In Yakus v. United States (321 U.S. 414 (1944)) Congress passed the Emergency Price Control Act (50 U.S.C.App. Supp. II, §§ 901), which was designed to set price controls on products during WWII. The Act delegated to an Executive Branch official (The Price Administrator), the ability to set maximum prices for commodities. Yakus argued that the Act was an unconstitutional violation of the Non-Delegation Doctrinebecause it gave the Price Administrator the authority to set prices that “in his judgment will be generally fair and equitable and will effectuate the purposes of this Act” when prices “have risen or threaten to rise to an extent or in a manner inconsistent with the purposes of this Act.”
- Basically, Yakus was argued that this was a violation because Executive Branch officials are only supposed to execute the law. They are not supposed to make decisions about how the law was to be applied. That’s Congress’ job.
The US Supreme Court found that the Act was not a violation of the Non-Delegation Doctrine.
- The Court found that the Act specified the basic conditions under which the Price Administrator was to set prices. So the legislative function was set by Congress. All the Price Administrator had to do was make a finding of fact to see if/when those conditions were met.
- Basically, this case said that Congress can delegate authority to an Executive Branch official to make decisions. However, they must set reasonably well-defined standards to guide the official.
- Aka “supply the governing principles,” or “standards to canalize discretion.”
One of the things that make this case interesting is that the US Supreme Court supplied the governing principles via interpretation.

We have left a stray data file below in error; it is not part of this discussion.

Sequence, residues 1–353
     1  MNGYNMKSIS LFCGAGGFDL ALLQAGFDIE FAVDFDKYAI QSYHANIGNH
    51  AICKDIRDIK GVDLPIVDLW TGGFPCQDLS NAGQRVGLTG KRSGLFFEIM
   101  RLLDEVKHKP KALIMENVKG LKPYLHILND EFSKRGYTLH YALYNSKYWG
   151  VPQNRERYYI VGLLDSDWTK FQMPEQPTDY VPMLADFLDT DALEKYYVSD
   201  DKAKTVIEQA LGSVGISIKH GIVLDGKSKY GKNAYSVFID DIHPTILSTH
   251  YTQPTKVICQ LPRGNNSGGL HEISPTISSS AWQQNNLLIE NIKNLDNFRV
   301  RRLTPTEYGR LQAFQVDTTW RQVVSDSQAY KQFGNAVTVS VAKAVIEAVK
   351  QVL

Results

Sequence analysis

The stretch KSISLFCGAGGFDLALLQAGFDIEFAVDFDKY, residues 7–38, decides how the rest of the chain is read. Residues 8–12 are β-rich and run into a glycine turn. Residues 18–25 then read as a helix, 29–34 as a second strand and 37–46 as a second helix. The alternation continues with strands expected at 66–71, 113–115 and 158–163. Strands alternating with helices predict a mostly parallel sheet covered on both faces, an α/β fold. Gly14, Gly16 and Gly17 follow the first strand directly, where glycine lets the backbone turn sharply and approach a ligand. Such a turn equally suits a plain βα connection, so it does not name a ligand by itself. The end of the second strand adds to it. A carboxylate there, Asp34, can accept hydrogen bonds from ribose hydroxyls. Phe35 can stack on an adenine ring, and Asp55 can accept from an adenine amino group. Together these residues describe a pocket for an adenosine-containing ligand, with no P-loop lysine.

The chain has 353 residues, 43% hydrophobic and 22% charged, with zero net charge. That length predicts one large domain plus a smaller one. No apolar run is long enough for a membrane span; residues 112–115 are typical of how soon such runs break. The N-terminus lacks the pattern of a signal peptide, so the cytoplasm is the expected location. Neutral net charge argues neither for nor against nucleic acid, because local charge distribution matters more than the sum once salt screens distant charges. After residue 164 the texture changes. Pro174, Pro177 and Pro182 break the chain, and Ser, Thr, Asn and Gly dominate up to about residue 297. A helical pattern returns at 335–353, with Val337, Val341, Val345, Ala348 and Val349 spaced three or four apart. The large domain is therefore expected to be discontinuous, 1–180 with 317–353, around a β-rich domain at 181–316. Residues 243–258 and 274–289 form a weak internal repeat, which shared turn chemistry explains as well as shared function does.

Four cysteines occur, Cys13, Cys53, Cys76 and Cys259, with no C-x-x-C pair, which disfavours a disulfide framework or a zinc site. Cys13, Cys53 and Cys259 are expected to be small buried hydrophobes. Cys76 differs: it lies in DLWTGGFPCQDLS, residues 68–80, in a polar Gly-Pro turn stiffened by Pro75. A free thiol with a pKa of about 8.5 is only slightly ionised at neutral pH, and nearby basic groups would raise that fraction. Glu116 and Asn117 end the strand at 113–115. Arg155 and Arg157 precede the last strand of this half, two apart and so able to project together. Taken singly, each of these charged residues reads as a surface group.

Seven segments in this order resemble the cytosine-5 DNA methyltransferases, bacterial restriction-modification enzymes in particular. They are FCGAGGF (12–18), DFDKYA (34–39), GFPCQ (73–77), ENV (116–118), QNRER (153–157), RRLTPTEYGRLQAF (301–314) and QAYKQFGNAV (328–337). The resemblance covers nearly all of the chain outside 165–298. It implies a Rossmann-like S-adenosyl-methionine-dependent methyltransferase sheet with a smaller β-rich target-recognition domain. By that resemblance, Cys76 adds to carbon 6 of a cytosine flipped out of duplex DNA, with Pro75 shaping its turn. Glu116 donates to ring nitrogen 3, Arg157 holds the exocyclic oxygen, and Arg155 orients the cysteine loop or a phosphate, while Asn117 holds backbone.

- Congress didn’t explicitly provide “standards to canalize discretion” in the language of the Statute, but the Court decided that they could fix it by reading standards into the Statute by looking at legislative history etc.
Chevron U.S.A. Inc. v. Natural Resources Defense Council (467 U.S. 837 (1984)) later said that if Congress left a Statute ambiguous, then the Courts are supposed to defer to the Agency’s interpretation of the Statute. That decision seems to be at odds with the Court’s reading of the Non-Delegation Doctrine here in Yakus.
- Yakus said that Congress has to be specific about principles in order for the Act to be constitutional under the Non-Delegation Doctrine, but Chevron said that if Congress is not specific then the courts should just defer to whatever the Agency decides.
- Commentators have suggested that a Statute that is too broad under the Non-Delegation Doctrine cannot be saved by deferring to the Agency per Chevron. While the Courts will defer to an Agency if the Statute is ambiguous with regards to small decisions, if Congress is really ambiguous in the big decisions, or it is ambiguous what the entire purpose of the Statute is, then the Statute is a violation of the Non-Delegation Doctrine, even after Chevron.